A method of managing the amount of disk space that users can utilize.
New to Windows 2000 Server is the capability of allocating disk space to users in the form of disk quotas. Disk quotas are only available on NTFS partitions and volumes, not those formatted with FAT or FAT32.
Disk quotas can be configured in a number of ways:
Warnings can be issued when a user is nearing the configured quota limit.
Quota limits can be either enforced (hard limit) or not (soft limit). If enforced, users who exceed their limits will be denied access.
An entry can be logged in the event log when a warning is issued, when a limit is exceeded, or both.
Disk quota limits are based on file ownership and not on where the files are located on a quota-enabled NTFS volume; that is, they are established on a per-user basis. For example, if a user moves a file from one folder to another on the volume, he still shows the same amount of disk space used in My Computer or Windows Explorer. If a user takes ownership of a file on an NTFS volume, the file is charged against the user’s quota.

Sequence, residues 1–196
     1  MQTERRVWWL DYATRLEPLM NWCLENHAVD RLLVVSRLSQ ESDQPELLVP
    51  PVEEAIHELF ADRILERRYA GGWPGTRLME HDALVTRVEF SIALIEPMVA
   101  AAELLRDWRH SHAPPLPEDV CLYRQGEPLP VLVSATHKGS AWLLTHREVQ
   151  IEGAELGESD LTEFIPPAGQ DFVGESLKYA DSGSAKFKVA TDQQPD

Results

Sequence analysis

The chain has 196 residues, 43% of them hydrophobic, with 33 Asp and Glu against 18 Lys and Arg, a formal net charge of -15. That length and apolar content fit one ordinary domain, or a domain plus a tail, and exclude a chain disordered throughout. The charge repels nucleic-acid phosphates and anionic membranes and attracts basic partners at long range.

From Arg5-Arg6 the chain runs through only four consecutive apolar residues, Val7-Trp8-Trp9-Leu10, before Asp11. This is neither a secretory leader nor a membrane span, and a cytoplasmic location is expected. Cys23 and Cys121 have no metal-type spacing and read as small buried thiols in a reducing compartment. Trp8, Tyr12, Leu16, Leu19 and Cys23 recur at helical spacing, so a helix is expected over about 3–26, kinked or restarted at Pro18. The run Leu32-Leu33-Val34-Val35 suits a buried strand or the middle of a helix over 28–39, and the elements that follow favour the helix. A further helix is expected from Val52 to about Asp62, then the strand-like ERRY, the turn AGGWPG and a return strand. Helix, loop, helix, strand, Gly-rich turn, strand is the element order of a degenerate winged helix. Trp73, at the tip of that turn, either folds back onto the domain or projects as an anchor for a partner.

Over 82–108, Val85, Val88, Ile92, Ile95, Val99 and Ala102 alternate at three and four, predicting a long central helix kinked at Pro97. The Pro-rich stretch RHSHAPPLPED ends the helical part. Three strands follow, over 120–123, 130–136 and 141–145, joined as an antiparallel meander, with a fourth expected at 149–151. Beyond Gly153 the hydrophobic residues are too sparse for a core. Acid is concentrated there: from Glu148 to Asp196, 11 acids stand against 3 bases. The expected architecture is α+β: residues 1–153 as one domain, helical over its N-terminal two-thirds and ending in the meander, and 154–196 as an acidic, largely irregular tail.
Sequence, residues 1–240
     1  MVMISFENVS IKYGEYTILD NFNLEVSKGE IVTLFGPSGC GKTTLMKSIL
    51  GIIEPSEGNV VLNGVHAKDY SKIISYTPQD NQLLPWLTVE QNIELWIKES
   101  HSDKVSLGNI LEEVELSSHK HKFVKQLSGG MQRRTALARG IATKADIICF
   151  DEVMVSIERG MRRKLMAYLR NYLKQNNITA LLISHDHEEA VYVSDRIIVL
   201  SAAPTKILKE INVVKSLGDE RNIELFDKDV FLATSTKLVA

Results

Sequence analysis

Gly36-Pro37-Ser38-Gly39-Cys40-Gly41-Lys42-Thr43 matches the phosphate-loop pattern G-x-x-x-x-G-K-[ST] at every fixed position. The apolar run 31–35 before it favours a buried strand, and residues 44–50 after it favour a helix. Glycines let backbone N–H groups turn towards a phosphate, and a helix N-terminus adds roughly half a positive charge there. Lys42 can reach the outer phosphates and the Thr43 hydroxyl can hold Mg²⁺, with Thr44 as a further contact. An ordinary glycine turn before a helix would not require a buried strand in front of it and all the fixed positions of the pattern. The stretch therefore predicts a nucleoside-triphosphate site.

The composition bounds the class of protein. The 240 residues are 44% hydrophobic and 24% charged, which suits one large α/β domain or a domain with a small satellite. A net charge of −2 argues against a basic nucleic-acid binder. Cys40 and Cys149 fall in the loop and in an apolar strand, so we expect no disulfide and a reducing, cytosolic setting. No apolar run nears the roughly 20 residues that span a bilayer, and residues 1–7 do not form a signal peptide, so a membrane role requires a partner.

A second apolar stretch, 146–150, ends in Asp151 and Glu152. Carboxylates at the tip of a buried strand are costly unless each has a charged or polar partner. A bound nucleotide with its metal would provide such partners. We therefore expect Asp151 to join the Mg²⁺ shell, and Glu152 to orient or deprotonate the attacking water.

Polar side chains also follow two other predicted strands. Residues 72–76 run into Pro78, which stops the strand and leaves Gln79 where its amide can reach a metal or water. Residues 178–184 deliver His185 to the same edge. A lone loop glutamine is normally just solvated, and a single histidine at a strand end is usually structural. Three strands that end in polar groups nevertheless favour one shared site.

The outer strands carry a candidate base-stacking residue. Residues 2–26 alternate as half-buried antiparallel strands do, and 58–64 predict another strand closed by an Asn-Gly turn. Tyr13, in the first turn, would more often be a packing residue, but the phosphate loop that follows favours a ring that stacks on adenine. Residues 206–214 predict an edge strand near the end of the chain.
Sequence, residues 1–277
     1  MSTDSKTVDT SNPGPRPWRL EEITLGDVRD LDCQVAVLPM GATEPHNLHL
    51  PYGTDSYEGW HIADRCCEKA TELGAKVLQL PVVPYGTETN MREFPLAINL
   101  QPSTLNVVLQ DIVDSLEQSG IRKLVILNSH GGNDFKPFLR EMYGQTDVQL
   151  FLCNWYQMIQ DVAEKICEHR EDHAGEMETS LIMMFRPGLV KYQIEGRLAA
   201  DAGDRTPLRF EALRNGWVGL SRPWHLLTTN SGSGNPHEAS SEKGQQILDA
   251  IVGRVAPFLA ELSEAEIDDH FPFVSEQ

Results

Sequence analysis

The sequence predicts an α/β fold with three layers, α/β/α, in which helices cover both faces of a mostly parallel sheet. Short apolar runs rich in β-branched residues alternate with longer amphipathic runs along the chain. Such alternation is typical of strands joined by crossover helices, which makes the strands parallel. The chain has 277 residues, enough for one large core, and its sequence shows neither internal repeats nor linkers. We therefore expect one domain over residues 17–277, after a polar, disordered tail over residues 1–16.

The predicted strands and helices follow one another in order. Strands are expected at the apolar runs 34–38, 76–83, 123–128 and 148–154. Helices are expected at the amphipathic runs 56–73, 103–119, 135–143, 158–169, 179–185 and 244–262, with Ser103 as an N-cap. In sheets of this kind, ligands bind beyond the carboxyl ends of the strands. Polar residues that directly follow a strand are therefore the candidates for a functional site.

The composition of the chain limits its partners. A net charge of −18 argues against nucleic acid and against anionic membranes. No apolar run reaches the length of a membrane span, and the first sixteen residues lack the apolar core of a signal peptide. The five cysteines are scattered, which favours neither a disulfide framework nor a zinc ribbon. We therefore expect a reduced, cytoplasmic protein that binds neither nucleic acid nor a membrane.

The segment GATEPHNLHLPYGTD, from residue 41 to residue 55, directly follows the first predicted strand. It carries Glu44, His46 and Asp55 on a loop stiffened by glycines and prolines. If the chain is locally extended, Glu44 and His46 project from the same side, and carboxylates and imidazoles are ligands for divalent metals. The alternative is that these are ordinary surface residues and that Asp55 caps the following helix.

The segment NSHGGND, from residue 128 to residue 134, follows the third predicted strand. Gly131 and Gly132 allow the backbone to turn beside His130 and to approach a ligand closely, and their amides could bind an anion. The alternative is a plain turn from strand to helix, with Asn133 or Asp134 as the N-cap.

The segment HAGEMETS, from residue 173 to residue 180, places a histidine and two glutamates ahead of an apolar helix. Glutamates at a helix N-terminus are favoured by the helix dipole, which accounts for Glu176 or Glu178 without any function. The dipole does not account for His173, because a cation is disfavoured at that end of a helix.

In addition, disk quotas apply to specific volumes only and not to folders within volumes—that is, on a per-volume basis. If a physical disk has several volumes or partitions (or if you have multiple physical disks), each partition or volume may have quotas either enabled or disabled, and those on which quotas are enabled may have different quota limits set (unless it’s a spanned volume).
Types of ...
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